EMBRACE OF DISHARMONY – De Rervm Natvra
- by ER
- Posted on 02-07-2019
The album starts with that sort of pompous annoying pointless intro typical of progressive work, but already "De Primordiis Rervm" fixes the problem (why couldn’t the intro just be part of it?) and showcases the ability of Gloria Zanotti (vocals), Matteo Salvarezza (guitars, vocals, programming), Leonardo Barcaroli (bass) and Emiliano Cantiano (drums) in a Symphony X meets Dream Theater fashion. There’s one track I exalted above all others (De Captionibvs Amoris) because it could almost be on Dimmu Borgir’s fantastic "Puritanical Euphoric Misanthropia" album for the quality of songwriting in cohesion but the rest of the tracks lack this definition and direction, meandering, even if creatively, not as interestingly. They are rather congregations of interesting riffs and melodies than songs proper.
Now, Giuseppe Orlando production and the legendary Mika Jussila’s mix is pure gold, as are the performances of individual members. While I am no huge fan of male/female duets combined with long compositions (especially with everything sang and spoken in Italian, which, on the plus side, at times, adds creepiness to the atmosphere and the climate) I must commend particularly Matteo on his tasty guitar licks and solos (as scarce as the latter are) as well as Emilano’s unique and powerful drumming, especially in "De Infinitate Orbivm" and "De Formatione Orbis" to say nothing of blastbeats.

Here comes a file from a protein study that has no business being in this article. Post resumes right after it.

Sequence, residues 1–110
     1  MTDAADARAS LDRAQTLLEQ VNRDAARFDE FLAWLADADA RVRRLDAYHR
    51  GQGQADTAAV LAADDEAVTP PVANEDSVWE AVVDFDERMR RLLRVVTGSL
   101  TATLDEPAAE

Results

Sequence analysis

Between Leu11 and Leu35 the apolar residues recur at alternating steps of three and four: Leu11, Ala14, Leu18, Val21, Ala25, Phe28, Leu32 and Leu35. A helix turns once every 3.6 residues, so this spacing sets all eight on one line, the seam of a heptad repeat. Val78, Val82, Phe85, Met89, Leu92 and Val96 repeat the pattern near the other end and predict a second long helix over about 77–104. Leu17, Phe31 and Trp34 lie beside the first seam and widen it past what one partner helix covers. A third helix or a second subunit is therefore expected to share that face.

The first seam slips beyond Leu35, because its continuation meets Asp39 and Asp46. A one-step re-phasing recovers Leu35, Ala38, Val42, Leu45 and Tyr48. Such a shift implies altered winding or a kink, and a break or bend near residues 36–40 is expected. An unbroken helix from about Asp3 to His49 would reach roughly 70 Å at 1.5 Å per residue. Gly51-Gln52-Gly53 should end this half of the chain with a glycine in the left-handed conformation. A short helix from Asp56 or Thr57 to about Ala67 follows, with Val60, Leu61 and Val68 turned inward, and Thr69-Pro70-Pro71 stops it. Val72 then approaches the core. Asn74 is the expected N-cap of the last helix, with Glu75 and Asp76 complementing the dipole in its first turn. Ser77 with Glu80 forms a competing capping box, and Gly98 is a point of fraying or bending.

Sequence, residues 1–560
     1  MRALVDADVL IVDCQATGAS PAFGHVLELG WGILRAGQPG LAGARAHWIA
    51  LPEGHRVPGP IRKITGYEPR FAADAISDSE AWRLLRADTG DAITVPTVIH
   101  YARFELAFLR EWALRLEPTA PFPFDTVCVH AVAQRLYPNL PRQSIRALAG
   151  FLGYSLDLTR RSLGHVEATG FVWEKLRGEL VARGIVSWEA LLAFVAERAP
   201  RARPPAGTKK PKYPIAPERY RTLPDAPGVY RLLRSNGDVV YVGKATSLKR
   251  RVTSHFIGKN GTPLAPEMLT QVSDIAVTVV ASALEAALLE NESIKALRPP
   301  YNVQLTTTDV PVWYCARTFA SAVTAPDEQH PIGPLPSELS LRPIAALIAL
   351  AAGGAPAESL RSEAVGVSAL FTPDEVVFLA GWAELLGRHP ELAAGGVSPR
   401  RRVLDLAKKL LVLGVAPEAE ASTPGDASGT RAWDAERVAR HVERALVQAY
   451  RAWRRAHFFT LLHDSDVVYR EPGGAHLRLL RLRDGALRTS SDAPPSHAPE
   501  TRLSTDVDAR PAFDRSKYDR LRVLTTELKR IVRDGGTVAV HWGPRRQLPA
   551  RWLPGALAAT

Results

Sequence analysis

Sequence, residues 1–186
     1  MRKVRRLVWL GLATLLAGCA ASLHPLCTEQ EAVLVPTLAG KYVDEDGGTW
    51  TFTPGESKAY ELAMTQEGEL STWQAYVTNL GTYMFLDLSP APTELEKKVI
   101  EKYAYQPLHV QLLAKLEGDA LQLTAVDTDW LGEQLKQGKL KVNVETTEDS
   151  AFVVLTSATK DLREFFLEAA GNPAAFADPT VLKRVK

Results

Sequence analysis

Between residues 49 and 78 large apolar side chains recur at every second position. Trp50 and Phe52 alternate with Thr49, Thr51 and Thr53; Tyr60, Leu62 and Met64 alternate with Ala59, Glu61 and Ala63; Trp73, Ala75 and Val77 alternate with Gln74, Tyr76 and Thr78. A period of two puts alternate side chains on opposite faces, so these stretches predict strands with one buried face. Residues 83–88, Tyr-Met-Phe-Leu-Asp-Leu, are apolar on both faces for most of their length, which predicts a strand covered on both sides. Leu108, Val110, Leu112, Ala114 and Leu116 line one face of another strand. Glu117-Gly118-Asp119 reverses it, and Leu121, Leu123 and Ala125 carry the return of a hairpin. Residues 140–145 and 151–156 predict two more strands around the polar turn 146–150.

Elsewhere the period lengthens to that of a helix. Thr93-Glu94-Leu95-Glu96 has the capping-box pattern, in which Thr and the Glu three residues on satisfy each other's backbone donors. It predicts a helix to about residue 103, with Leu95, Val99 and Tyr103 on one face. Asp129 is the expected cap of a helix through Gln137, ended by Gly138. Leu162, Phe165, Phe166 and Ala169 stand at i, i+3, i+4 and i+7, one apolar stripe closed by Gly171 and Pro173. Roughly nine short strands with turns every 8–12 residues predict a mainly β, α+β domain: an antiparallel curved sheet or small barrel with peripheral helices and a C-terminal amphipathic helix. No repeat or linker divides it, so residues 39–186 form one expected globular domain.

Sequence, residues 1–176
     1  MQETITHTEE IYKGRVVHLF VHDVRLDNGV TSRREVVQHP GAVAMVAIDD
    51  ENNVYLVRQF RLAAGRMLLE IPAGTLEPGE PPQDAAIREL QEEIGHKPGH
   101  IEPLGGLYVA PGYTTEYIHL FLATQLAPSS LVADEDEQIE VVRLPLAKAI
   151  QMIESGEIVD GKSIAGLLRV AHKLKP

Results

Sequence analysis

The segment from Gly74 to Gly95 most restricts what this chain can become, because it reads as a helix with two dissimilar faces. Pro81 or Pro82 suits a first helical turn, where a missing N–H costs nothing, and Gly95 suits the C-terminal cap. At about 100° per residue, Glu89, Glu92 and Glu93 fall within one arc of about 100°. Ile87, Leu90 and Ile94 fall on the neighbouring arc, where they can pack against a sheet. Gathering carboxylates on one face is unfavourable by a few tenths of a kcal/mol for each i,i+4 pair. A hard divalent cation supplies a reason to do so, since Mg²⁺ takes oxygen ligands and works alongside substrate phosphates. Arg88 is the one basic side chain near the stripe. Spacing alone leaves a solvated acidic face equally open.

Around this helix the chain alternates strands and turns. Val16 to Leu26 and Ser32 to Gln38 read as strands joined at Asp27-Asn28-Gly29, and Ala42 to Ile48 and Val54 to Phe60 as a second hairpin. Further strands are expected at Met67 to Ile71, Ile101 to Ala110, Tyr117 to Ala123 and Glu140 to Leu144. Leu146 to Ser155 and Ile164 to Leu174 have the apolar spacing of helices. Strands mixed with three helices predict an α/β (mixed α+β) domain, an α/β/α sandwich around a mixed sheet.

The album could use some serious cutting, especially the over 10 minute "De Primordiis Rervm". Listening to it I get an impression that with a little more austerity and discipline the Italians could have made their point across in 40 to 45 minutes with a much greater impact. Then again, except for the unique "Symphony Masses: Ho Drakon Ho Megas" (1993) Therion bores me to tears for their elaborate symphonic construction which tends to kill the momentum as soon as it’s established. Sadly, this is the case with Embrace Of Disharmony. This being their second full length in over 13 years of existence is not a crime but it shows.
"De Rervm Natvra" is a coat of many colors but they tend to bleed one into another and prolong the tracks into infinity which calls for scissors more often than not. Finally, the fact that the second half is more interesting is not good news for vinyl owners so go buy a CD, instead, and you’ll thank me later. Just kidding. Go buy whatever format you fancy but be forewarned that this is not easy listening metal and it requires all of your attention some may not be willing to pay.